Revolut compliance boss resigns amid restructuring

Revolut’s chief compliance officer has resigned following a restructuring of the digital lender’s risk division.

Harry Gill, Revolut’s global head of regulatory compliance and a member of its management team, has resigned after the company’s chief executive, Nikolay Storonsky, overhauled the department, sources say.

The resignation follows a series of senior executive departures at Revolut in recent months, including its head of operational risk and compliance in the UK.

The overhaul of Revolut’s risk and compliance department, known as its ‘second line of defence’, has meant employees have been moved to other parts of the business instead of the bank reducing the overall workforce, according to The Sunday Telegraph.

However, Mr Gill’s resignation came as a surprise as he was recently named an inaugural member of Revolut’s exclusive ‘global partnership’, which was set up to ‘lay the foundations for senior leaders to propel the business into the years ahead. coming”.

The chief compliance officer was one of 17 employees to be named a partner last July. Revolut said being elected to its partnership is “extremely difficult”, adding: “Our partners are a small group of very talented colleagues, elected on the basis of their contribution to the whole organization and their continued commitment to our core values”.

It also comes as challenger banks face growing regulatory pressure to tighten controls on financial crime and money laundering.

Last month, the Financial Conduct Authority (FCA) accused digital newcomers of cutting corners in the fight against money laundering so customers can quickly set up accounts after a review.

Although Revolut was not involved in this particular review as it is licensed in the UK as a so-called ‘e-money issuer’, the bank has been challenged in the past over its controls.

In 2019 he faced questions from the FCA after it emerged the lender “made a mistake[ly]” disabled an automated system for reporting potential money laundering for several months the previous year.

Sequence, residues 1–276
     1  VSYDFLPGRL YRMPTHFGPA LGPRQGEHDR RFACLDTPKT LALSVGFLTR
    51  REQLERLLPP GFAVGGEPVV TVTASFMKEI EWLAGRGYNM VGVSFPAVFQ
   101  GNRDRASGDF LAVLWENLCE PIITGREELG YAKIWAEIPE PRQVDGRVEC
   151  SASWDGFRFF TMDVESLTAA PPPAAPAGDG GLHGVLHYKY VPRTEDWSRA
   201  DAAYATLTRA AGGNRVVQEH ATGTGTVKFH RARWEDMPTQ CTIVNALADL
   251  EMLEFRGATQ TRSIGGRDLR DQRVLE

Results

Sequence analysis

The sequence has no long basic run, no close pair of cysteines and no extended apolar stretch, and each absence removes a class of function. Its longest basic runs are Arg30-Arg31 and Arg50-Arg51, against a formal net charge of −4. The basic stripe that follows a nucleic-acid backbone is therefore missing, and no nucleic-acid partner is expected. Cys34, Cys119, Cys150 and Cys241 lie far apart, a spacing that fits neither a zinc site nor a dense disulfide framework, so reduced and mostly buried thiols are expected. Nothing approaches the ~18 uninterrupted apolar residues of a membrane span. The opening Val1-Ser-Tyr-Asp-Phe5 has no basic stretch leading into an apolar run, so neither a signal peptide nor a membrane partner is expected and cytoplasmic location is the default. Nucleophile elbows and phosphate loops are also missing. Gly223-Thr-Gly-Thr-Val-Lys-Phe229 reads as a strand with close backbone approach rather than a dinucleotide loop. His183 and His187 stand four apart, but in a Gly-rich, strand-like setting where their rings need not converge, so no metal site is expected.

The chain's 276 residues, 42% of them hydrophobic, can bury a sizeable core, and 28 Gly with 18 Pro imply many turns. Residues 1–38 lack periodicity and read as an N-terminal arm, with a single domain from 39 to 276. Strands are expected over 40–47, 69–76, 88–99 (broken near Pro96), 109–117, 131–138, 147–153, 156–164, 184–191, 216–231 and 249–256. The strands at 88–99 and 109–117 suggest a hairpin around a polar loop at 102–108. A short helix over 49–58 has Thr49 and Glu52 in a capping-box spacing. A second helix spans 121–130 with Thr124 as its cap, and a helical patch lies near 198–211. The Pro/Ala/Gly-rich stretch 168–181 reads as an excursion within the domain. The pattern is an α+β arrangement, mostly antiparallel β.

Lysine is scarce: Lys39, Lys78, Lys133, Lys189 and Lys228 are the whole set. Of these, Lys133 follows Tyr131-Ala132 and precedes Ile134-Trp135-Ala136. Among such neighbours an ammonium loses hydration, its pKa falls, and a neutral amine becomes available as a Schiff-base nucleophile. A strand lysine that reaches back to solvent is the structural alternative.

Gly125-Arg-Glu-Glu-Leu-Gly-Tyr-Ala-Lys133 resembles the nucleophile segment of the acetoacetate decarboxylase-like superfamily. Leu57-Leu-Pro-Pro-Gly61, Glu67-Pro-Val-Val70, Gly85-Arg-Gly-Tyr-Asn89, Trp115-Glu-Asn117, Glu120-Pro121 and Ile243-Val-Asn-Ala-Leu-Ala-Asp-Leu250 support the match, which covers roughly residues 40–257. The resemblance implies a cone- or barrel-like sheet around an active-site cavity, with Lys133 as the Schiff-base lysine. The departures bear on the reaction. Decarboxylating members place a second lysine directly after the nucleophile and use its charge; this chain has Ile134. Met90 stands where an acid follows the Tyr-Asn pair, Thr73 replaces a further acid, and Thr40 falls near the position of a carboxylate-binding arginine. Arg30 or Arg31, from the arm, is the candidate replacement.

The seven-year-old digital bank is now valued at $33bn (£26bn) after its last funding round last summer.

Mr Storonsky, a 37-year-old former Lehman Brothers and Credit Suisse employee who founded the company in London in 2015, has a paper fortune of $7.9 billion as a result of the fundraising.

Ukrainian Vladyslav Yatsenko, another co-founder of the company and head of its engineering team, previously worked at UBS, Deutsche Bank and Credit Suisse.

Mr Storonsky, who was born in Russia, condemned Vladimir Putin’s invasion of Ukraine.

In March he said: “Although I am from Russia and am now a British citizen, I am also Ukrainian by origin. My father is Ukrainian. I have family and friends all over Ukraine – from people I care deeply about and about who concern me enormously.

“So to me, like so many others, the idea of ​​a war between Russia and Ukraine is not only horrifying, it’s almost impossible to believe. As recently as last week, I was still confident that a diplomatic solution would be found, and it was with utter disbelief and sadness that I watched the violence of the past week.”

A Revolut spokesperson said: “We have not cut any risk and compliance jobs. On the contrary, we have a strong risk and compliance team of over 250 people, our team Legal has more than 100 people and we are actively recruiting for these two teams.

Mr. Gill has been contacted for comment.

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